aced with the challenge of balancing increasingly stringent efficiency targets with ever-squeezed project budgets, it is inevitable that some systems within the building will be repackaged again and again within new project specifications, because they work at the right cost, without impacting efficiency. But what if there is a better solution? What if this inertia is preventing enhanced acoustic performance, preventing installation efficiencies and costs savings from being achieved?
One such example is the soil and waste drainage system – clearly a critical part of any building, and one in which failure could be costly, disruptive and unpleasant for property owners, operators and users. Yet, despite continued innovation and development of materials, many specifiers still stick to the material they used in the last project.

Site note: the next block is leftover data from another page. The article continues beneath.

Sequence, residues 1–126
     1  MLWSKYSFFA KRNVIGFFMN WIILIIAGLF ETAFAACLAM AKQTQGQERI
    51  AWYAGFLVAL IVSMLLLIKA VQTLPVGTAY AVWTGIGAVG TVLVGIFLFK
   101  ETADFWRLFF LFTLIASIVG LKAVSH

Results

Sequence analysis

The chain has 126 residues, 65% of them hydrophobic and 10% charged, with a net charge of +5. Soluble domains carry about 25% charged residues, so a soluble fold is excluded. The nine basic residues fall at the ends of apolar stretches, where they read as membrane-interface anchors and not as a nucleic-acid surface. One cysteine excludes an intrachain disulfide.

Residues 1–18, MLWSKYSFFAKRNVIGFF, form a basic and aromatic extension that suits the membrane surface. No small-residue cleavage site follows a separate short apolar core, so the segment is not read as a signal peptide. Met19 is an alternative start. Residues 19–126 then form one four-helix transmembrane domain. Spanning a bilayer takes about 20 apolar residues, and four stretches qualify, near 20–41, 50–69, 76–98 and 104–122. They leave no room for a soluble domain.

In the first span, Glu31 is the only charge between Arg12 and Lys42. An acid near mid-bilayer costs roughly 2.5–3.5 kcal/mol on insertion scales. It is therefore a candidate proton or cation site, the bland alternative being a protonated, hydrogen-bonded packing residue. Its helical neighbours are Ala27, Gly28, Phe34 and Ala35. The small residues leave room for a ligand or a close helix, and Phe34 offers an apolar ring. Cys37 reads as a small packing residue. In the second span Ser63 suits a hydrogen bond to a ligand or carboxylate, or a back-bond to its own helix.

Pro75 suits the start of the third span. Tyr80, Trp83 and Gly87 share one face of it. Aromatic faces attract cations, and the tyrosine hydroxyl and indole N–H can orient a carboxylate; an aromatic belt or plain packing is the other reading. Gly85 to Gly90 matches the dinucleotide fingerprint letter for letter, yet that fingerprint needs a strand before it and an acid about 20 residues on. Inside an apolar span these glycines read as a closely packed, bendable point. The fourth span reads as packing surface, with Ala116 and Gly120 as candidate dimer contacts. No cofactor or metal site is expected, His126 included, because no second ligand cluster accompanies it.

Each material choice comes with its own advantages and disadvantages, but before I explore the merits of four specific materials in more detail, it is important to consider the demands of drainage pipes – and how this will impact specification.
Effective drainage specification
There are the obvious considerations, like acoustic performance, flexibility of installation, lifespan of the pipe and cost, which encompasses both the material cost and installation cost. Pipes can be connected using either mechanical clamps, push fitting, solvent welding, butt welding or electrofusion welding, depending on the specifier’s material of choice.
We must also consider the smoothness of the pipe bore and the hydrophobicity of the inner pipe – how well it repels water and, therefore, avoids blockages. For metallic pipes, we must factor in susceptibility to corrosion, including whether any coatings are required.
Now, let us examine four material options for soil and waste drainage systems in more detail; cast-iron and HDPE (high-density polyethylene), commonly used for higher-value specification projects, then PVC (polyvinyl chloride) and enhanced polypropylene composite, offering a lower-cost alternative.